Zeroing in on the Joker: Kami Garcia’s “Joker/Harley: Criminal Sanity” reviewed

What I love most about comic book stories is how they get reimagined time and time again. That’s why I’m an avid reader of the titles published under DC’s Black Label. These books are not part of the DC Universe’s main continuity, so the authors are free to tell their stories as they see fit. Kami Garcia uses this opportunity in her miniseries Joker/Harley: Criminal Sanity, where she gets to reinterpret some really iconic characters: Joker and Harley Quinn. By doing so, she goes as far away as possible from their previously established images (while of course maintaining their core characteristics). They’re not these over-the-top clowns and their toxic relationship is not part of the story. Instead, the author writes a gritty, realistic tale, which makes the Batman world even more down-to-Earth than Nolan’s films once did. Is Garcia successful though?


Joker/Harley sprouted from an idea of a story about a teenage Joker. Kami Garcia, who is known for her novels and comic books for young adults, was interested in the process of a young boy becoming a monster. She presented her idea to the editors of graphic novels for teens line at DC Comics. Although the idea turned out to be too dark for them, DC didn’t send Garcia away. They suggested she turn her teenager-oriented project into a project for adults. Garcia then added Harley Quinn to her original concept, who in this version is a profiler working for the Gotham City Police Department.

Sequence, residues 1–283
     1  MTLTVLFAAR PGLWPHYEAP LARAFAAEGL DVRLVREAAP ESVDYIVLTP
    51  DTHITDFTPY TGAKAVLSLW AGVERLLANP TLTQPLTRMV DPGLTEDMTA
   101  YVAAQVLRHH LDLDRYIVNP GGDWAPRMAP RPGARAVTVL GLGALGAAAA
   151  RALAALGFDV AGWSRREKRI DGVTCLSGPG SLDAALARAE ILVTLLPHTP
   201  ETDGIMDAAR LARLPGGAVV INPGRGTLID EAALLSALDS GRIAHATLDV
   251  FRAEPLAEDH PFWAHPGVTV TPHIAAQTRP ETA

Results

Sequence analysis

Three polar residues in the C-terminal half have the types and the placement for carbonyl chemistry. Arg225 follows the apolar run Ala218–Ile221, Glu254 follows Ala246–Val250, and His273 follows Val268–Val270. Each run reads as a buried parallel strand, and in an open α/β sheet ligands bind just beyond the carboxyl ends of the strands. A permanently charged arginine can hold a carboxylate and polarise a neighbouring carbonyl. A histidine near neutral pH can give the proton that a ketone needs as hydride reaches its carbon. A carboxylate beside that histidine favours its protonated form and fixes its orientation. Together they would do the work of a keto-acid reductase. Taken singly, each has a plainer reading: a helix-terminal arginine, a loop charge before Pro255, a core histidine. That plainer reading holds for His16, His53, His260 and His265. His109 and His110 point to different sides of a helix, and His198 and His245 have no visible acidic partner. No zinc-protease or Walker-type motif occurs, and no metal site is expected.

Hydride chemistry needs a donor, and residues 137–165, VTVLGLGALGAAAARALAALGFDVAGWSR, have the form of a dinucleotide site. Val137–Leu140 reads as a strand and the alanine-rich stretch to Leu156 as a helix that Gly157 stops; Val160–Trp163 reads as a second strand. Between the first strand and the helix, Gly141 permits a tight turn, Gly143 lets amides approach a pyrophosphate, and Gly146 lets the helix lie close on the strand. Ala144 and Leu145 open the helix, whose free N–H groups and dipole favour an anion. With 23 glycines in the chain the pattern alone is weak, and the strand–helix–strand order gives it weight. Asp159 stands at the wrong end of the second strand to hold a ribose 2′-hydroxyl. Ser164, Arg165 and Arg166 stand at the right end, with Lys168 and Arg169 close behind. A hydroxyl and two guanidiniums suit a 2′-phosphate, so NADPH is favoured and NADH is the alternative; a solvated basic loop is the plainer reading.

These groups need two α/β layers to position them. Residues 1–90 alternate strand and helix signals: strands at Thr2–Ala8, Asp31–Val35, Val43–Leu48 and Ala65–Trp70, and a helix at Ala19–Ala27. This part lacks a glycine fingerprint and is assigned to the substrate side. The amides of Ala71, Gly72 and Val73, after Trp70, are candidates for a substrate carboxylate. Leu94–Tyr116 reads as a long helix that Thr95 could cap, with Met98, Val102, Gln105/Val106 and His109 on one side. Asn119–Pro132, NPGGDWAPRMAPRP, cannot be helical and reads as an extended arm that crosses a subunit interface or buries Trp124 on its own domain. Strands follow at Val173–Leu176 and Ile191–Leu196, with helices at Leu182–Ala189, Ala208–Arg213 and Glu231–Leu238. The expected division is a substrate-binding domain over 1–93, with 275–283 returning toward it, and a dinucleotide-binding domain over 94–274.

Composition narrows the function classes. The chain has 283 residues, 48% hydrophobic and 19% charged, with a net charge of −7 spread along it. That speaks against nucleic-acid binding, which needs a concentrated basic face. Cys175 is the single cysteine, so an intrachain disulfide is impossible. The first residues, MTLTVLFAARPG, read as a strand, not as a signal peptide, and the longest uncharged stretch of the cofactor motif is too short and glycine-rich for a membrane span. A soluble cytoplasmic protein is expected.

The starting point of the story is simple: there’s a new serial killer in Gotham and he’s becoming bolder and bolder with each committed homicide. Harley’s job is to assist the police in catching him. However, she quickly realizes that the murderer may have killed before. He may have killed her girlfriend.


Kami Garcia worked on the miniseries with dr. Edward Kurz, whose advice was to start with the antagonist’s psychological profile (which is included as a story bonus). Kurz consulted on the series and his main job was to make sure that Joker’s actions were in accordance with the said profile. As a result, Joker’s psychological portrait is satisfyingly credible. He is not an exaggerated lunatic nor a clown, but a cold and calculating serial killer; one who brings to mind the Zodiac Killer or Ted Bundy, rather than the over-the-top comic-book creation he usually is. Here, he’s an organised, intelligent and clear-headed psychopath, which makes him even more terrifying than ever.